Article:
One of the questions I am happiest to be asked, and I am asked it a lot, is “What can I do to help?”.

Being able to answer that efficiently and effectively is one of the reasons I started this blog over three years ago.

Upon reflection, I suggest actions pretty rarely. That’s because I don’t want to waste people’s time, I don’t want to burn people out and … I want you to respond when I do ask!

Today, I have two important actions for the Australian readers and a third for all readers. Here they are.

  1. Respond to the gazettal from the Department of Industry in relation to siting a low/intermediate level waste repository

Currently, the Federal Department of Industry has released a notification of intent to open the process of siting a low/intermediate level waste repository to a nation-wide, voluntary process. This notification is open to feedback and the feedback really does matter. So, if you support the notion of a bottom-up, voluntary process where land with clear title can be brought forward for consideration in hosting this facility then please, follow the link and say so.

As I have argued this year both in on-line print and on radio, a facility such as this is both essential and safe. That being the case, I believe a bottom-up, voluntary process is absolutely the correct way to proceed. It provides the opportunity to do this right, with realistic reflections on the need for the facility, the negligible hazard it represents and the serious opportunity is may represent for a region, without the encumbrances of real-or-perceived imposition by Government.

Please consider, Australia is a nuclear nation. We have been for the long time. We have one of the world’s most important research and medical reactors. Our inability, thus far, to licence and operate a LLW/ILW repository, something that is a non-issue in about 30+ countries is a major gap in our maturity as a nuclear nation and it must be resolved. This is a strong step in the right direction so please, tell the Department. They need it on the record. This process closes on 11 November 2014, so set some time aside and make sure you do it.

2. Respond to the Energy Green Paper


The Energy Green Paper has been released and you can make a submission. Now, the paper is not a tub-thumping march toward nuclear energy in Australia. Nor is it a total cop-out on the nuclear topic, as was the case in the work done by the previous Labor Government. There are important signals of intent in relation to the removal of arbitrary legislative barriers for uranium mining and nuclear energy, and the discussion of nuclear energy is fair and shows that the informed pro-nuclear voice has been heard.

Don’t let the opportunity pass. Make a submission that supports these directions. It’s clear, to me at least, that these potential changes are more about a desire to improve regulation across the board, and less (if at all) about unshackling nuclear for its decarbonisation potential. But the result is the same.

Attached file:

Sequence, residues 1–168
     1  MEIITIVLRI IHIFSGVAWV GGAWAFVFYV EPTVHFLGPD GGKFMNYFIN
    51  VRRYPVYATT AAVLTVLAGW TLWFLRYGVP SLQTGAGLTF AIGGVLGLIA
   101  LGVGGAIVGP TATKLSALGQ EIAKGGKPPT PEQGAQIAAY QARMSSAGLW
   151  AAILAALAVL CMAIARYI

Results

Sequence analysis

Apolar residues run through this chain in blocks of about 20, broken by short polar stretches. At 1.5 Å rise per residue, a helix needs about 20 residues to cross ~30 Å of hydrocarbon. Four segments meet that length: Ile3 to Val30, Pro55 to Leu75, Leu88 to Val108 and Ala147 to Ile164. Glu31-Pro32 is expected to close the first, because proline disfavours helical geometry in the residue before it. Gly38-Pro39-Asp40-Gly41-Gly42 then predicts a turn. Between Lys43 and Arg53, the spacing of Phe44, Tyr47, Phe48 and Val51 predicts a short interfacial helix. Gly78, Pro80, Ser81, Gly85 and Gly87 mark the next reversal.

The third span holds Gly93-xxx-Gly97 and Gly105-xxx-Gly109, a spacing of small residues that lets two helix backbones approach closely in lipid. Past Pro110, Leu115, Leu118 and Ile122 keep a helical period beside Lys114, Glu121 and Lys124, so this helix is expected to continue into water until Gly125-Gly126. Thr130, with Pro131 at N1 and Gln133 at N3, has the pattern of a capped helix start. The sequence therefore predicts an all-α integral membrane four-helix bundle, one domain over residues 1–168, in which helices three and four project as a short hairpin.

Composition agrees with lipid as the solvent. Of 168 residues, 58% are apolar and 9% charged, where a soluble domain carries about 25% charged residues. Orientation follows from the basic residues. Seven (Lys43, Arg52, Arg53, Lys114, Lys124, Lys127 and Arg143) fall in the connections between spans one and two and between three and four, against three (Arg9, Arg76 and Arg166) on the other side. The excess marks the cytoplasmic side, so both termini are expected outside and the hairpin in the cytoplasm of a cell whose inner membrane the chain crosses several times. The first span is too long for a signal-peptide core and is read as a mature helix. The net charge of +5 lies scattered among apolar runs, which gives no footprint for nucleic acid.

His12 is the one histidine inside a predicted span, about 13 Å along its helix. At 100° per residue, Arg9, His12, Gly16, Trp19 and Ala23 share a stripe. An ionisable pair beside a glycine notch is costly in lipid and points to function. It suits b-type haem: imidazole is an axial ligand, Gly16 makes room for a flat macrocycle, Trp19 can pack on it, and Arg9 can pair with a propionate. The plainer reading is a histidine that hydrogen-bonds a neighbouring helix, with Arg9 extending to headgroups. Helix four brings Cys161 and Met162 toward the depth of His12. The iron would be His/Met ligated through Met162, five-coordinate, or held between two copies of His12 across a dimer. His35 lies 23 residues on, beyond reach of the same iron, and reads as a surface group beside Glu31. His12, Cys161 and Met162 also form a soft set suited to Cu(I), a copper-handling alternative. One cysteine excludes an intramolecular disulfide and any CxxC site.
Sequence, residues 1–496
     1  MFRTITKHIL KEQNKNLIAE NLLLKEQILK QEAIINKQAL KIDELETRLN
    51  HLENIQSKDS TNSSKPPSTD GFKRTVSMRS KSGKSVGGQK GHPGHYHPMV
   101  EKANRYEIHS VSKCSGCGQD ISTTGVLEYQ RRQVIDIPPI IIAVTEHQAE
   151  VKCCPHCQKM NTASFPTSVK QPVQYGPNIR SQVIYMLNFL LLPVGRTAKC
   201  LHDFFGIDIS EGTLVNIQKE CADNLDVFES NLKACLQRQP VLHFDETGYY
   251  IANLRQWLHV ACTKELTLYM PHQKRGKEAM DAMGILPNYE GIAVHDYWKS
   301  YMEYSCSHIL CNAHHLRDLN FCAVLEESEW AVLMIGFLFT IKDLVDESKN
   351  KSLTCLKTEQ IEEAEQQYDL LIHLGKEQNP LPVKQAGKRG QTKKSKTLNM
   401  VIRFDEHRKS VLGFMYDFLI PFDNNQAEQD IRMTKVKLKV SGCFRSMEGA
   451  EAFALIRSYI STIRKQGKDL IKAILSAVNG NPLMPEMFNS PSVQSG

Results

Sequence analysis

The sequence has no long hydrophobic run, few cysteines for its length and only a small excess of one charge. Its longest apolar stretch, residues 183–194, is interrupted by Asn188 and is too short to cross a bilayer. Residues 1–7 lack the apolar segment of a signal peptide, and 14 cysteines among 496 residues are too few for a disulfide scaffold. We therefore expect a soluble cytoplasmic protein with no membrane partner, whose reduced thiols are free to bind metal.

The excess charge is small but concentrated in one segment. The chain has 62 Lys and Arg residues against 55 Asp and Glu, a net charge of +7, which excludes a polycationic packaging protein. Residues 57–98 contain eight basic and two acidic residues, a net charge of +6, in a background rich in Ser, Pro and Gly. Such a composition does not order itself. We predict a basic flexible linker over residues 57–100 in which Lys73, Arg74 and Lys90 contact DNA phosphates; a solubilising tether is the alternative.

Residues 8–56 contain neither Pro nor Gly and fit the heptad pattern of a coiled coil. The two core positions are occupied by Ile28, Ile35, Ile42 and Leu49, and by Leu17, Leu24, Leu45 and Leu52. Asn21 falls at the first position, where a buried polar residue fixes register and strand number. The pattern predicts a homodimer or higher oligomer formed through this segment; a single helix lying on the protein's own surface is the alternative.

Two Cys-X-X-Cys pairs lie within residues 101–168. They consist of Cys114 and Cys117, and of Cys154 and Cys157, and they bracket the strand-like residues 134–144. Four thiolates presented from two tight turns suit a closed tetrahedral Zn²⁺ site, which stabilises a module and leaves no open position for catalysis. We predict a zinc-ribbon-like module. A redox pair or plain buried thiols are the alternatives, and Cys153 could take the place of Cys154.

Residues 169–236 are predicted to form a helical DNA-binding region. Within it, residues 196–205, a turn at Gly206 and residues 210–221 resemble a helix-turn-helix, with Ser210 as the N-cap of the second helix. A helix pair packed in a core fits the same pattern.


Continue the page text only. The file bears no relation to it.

Please, if submitting, do so in the format that is called for, and refer directly to the questions asked by the submission tool to which you wish to respond. You don’t need to respond to every question. Your responses can be short and to the point. Often that will be preferred. Make it easy for the people at the other end. Green Paper processes are not the time for essays and dissertations; they are generally not appreciated and don’t really help. Save your energy!

This process closes on 4 November 2014 so again, set some time aside and make sure it happens.

Update: Here is an example submission. Brief, clear, to the point, and the author chose not to address every question. The author is also energy writer Martin Nicholson. Feel free to use this as an idea of how to respond. It really won’t take much time.

Example response

3. Sign up to Energy for Humanity!


Many of you will have noted the arrival on the scene of Energy for Humanity. This new organisation is the first global, civil, independent organisation for the promotion of nuclear power for environmental and humanitarian reasons. It is the product of Robert Stone (Director of Pandora’s Promise) and Kirsty Gogan (CEO) with philanthropist Daniel Aegerter. I am delighted to have been invited to join the advisory committee of the organisation, a role I have accepted.

EfH in many ways represents exactly what I would have created if I thought I could, except better than I could have done it J. It’s an organisation so many of us can support with our hearts, our time and our wallets when the need arises. I had the honour of meeting Irene and Simon Aegerter yesterday. I remarked that I feel like I have a home again. I have been in the wilderness for years since I felt no option but to withdraw my support for the ENGOs that had been with me since my early twenties. No longer. EfH puts humanity back in to the middle of environmentalism, where it belongs. It has joined the dots on how we can create and preserve the greatest possible version of both Earth and humanity, with our inextricably linked futures, in the 21st century. It is eco-modernism, taking up the climate fight with the brains and compassion that environmentalism seemed unable to muster.